Note: This post is a reprint from the November 2017 article in Fulbright Hearts and Minds. The piece and more information about the Fulbright Specialist Program can be viewed here.
In August and September 2017, Professor Candace Vogler from the University of Chicago spent three weeks in residence at the Institute for Ethics & Society at The University of Notre Dame Australia in Sydney, supported by a generous grant from the Fulbright Specialist Program.
Candace is a world leading moral philosopher, and one of the most creative minds at work today on how to translate the insights of moral philosophy into improving tertiary education environments.
Her expertise dovetails with the Institute for Ethics & Society’s research strengths in moral philosophy and ethics education.
Candace and researchers at Notre Dame share the conviction that integrating moral philosophy into university curriculums has a unique role to play in contributing to the intellectual and moral formation of all university students.
During her visit at Notre Dame, Candace delivered a public lecture, gave two keynote conference papers, taught a master-class on the history of moral philosophy, and facilitated a pedagogy workshop on creating community in the classroom.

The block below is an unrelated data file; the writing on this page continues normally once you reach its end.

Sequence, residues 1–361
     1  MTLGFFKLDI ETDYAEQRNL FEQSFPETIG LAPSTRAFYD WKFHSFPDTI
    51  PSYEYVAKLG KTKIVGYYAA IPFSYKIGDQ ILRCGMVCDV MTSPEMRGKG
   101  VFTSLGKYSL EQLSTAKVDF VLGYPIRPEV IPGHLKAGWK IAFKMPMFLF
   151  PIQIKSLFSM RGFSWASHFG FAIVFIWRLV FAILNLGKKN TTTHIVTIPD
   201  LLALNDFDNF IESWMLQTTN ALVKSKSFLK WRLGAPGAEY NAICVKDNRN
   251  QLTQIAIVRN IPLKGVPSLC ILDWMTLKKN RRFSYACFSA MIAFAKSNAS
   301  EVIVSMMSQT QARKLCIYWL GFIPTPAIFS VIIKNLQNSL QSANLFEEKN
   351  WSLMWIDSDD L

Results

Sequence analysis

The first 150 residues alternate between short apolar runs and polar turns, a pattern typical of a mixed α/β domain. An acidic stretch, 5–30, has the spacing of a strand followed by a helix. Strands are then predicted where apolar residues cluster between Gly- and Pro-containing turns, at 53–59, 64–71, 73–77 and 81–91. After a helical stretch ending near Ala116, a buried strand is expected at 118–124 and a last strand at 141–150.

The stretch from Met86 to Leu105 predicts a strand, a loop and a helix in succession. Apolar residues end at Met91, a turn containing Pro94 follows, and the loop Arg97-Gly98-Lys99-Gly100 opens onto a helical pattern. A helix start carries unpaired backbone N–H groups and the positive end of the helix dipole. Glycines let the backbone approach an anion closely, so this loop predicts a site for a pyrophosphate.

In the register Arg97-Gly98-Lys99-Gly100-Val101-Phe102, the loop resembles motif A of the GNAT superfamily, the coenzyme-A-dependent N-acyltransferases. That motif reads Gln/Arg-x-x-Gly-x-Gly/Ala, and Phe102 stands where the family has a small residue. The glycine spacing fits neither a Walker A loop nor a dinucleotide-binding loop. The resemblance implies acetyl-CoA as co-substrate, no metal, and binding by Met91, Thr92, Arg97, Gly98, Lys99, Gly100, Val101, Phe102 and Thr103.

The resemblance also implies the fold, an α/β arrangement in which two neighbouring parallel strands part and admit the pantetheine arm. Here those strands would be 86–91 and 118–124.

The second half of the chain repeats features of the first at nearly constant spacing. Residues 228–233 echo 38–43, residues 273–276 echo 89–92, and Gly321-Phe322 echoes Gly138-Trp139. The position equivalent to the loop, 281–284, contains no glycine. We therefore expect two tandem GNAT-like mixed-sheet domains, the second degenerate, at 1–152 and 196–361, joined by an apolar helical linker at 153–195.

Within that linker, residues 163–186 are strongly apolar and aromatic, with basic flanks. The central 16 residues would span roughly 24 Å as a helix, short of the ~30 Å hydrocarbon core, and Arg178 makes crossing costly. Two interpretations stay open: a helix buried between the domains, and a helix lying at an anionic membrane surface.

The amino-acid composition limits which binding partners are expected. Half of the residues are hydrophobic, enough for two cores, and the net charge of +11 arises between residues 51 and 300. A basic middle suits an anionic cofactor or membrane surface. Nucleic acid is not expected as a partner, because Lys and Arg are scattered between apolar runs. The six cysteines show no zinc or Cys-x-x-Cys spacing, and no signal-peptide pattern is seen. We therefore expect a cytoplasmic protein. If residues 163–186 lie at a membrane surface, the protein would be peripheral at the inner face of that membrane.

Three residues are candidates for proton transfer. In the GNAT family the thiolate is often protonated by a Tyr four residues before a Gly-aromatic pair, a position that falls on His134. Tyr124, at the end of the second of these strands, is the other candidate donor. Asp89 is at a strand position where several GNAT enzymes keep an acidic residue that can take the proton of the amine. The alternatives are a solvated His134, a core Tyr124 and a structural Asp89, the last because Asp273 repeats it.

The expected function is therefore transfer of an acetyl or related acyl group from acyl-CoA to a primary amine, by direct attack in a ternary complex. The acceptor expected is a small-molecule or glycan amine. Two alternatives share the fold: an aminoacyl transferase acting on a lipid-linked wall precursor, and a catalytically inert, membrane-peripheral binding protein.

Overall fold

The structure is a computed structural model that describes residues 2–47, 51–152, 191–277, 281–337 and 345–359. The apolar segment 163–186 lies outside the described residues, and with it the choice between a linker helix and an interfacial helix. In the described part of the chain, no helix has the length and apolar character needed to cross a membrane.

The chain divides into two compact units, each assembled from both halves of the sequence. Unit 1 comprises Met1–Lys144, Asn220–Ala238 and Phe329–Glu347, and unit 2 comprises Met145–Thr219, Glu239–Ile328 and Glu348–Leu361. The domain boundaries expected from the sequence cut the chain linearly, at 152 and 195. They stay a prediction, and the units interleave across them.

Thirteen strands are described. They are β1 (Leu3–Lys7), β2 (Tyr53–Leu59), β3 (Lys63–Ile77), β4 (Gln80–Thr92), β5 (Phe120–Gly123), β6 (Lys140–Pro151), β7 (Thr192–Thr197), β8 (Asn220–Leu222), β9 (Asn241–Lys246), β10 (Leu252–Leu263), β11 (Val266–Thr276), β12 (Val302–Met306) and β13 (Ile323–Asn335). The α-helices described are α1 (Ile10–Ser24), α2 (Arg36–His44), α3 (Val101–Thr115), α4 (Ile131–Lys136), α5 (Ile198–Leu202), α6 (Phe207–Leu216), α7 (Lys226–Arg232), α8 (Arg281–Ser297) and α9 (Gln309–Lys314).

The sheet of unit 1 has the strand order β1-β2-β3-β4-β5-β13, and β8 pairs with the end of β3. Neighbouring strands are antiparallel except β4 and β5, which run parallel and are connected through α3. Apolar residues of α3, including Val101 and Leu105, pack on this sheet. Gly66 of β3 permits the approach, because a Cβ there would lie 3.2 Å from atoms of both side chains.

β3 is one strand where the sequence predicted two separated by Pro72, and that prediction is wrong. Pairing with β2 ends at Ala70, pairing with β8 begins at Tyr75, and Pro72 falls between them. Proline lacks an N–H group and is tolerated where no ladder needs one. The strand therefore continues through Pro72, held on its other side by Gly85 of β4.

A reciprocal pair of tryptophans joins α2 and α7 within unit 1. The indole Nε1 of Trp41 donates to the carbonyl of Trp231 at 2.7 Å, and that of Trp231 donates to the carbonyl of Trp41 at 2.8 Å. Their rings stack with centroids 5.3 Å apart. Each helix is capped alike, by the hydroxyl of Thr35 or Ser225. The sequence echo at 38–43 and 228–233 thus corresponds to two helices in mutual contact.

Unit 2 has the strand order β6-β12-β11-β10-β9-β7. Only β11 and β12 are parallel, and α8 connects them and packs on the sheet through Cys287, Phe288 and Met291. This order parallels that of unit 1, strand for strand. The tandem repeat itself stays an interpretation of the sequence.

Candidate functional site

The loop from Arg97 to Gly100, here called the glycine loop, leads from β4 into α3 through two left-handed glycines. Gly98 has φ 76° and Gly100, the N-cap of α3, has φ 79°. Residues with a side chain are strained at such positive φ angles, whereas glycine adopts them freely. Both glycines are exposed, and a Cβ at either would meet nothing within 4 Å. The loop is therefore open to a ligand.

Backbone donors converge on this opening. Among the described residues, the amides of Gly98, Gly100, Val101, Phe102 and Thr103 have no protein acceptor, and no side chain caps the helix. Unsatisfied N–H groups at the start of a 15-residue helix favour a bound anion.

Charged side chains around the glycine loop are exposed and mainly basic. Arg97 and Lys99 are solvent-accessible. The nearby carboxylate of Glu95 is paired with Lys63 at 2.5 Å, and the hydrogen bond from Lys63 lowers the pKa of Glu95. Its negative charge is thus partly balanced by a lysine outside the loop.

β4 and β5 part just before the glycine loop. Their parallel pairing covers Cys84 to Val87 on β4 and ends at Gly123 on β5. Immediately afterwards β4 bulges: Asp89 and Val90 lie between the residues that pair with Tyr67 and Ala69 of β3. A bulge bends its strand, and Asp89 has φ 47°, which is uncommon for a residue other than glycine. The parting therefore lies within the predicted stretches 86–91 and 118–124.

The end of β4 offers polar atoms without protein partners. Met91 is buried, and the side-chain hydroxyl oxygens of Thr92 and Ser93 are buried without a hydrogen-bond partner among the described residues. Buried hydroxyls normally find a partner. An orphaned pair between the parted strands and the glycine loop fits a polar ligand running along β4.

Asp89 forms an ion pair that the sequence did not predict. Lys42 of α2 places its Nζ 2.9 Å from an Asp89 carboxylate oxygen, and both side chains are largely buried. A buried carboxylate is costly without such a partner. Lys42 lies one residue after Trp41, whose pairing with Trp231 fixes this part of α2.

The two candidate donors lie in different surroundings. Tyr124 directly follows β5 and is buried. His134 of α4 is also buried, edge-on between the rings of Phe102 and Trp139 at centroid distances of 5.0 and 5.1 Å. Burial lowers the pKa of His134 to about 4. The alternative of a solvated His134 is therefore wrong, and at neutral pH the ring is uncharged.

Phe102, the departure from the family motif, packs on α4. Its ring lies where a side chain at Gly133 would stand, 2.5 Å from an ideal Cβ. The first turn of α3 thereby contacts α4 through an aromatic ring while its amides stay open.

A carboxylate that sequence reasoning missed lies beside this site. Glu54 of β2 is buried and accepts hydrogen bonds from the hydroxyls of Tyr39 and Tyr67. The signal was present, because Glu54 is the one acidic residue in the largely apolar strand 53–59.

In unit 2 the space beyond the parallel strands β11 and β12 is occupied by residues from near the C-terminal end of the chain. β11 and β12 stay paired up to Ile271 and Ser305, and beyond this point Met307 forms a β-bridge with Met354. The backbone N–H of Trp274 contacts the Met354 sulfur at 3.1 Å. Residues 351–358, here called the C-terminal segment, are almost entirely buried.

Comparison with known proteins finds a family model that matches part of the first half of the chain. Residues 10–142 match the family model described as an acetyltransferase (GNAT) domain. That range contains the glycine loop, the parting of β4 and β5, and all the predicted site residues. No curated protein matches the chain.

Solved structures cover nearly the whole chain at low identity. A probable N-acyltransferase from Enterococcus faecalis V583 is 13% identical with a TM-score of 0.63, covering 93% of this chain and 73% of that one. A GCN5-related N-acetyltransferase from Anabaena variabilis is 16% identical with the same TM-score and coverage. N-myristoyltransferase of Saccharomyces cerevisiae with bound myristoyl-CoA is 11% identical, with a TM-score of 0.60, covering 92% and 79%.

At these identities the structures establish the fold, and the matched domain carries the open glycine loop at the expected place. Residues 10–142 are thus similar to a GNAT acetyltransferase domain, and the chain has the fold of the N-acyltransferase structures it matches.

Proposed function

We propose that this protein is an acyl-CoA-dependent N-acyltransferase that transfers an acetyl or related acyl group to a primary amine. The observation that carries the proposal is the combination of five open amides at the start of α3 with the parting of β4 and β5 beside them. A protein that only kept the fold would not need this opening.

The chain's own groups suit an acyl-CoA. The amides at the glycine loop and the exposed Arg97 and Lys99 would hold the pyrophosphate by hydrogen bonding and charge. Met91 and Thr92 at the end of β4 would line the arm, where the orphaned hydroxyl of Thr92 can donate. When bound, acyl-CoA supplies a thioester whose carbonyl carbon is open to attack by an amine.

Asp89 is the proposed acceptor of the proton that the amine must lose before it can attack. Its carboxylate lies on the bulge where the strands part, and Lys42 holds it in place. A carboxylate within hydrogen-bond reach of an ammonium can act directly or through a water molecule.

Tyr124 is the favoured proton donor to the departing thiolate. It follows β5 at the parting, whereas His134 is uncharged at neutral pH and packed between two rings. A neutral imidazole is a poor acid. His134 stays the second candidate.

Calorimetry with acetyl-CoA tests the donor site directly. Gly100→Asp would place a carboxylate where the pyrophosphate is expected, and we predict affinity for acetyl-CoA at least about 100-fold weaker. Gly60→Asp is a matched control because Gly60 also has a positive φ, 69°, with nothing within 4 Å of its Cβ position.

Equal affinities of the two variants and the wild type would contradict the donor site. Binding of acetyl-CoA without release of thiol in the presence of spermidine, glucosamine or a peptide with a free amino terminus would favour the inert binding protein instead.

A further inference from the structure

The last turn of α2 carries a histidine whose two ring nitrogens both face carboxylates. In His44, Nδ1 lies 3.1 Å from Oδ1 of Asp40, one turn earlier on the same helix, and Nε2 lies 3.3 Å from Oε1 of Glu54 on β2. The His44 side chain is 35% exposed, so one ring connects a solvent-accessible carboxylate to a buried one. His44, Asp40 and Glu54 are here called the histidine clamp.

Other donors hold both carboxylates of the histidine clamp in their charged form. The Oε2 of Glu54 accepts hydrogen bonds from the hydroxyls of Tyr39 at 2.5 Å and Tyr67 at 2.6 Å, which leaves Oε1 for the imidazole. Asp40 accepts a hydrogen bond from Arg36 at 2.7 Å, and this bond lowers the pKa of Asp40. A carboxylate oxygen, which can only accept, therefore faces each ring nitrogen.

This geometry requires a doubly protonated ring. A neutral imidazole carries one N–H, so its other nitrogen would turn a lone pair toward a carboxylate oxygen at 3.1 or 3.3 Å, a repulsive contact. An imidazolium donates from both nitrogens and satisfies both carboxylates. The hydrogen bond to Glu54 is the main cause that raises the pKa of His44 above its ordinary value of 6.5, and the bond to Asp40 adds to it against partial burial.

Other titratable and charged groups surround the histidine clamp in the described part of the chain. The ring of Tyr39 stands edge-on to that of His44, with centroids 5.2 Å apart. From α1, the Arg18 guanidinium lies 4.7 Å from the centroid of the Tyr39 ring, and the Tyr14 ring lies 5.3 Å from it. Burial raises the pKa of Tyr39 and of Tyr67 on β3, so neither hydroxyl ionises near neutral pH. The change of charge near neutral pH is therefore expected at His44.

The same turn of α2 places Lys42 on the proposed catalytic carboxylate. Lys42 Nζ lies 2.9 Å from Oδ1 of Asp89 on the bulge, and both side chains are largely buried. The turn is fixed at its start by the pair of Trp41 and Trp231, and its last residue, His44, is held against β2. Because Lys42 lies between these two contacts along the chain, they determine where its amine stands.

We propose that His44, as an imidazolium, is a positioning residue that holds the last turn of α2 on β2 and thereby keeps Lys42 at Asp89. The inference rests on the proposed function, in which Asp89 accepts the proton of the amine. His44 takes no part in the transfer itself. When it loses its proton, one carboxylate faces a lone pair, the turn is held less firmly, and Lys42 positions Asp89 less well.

She also consulted with researchers and senior leadership on how to develop connections between moral philosophy and professional education – a particular passion for Notre Dame in its commitment to providing an excellent standard of training for the professions.
The visit made a huge impact on students and faculty at Notre Dame, and led to the Institute for Ethics & Society being named an official partner institution with the University of Chicago’s $2.2m John Templeton Project “Virtue, Happiness, and the Meaning of Life” – a partnership which will bring the Institute for Ethics & Society into a global community of scholars and allow it to further develop its research expertise in moral philosophy and ethics education.
Professor Sandra Lynch, Director of the Institute for Ethics & Society was responsible for the successful FSP proposal. “Winning this grant has opened many doors for us and stimulated our thinking, especially in relation to ethics education. Not only did we have the pleasure of engaging with and learning from Candace for three weeks, but the link has enabled us to begin building research linkages around the world.
“A number of our researchers have been admirers of Candace’s scholarship for many years. This grant has provided us with a pathway to continue benefitting from Candace’s expertise in the future, and we also expect it will provide a platform for discussion and dissemination of our research in years to come as we interact with scholars of moral philosophy and ethics education around the world.”
The impact of this specialist visit was also felt in the wider Australian academic community. Activities associated with her visit saw researchers and students from universities across Sydney, as well as from the University of Oxford, University College London, and Princeton Theological Seminary, gather at Notre Dame to learn from Candace.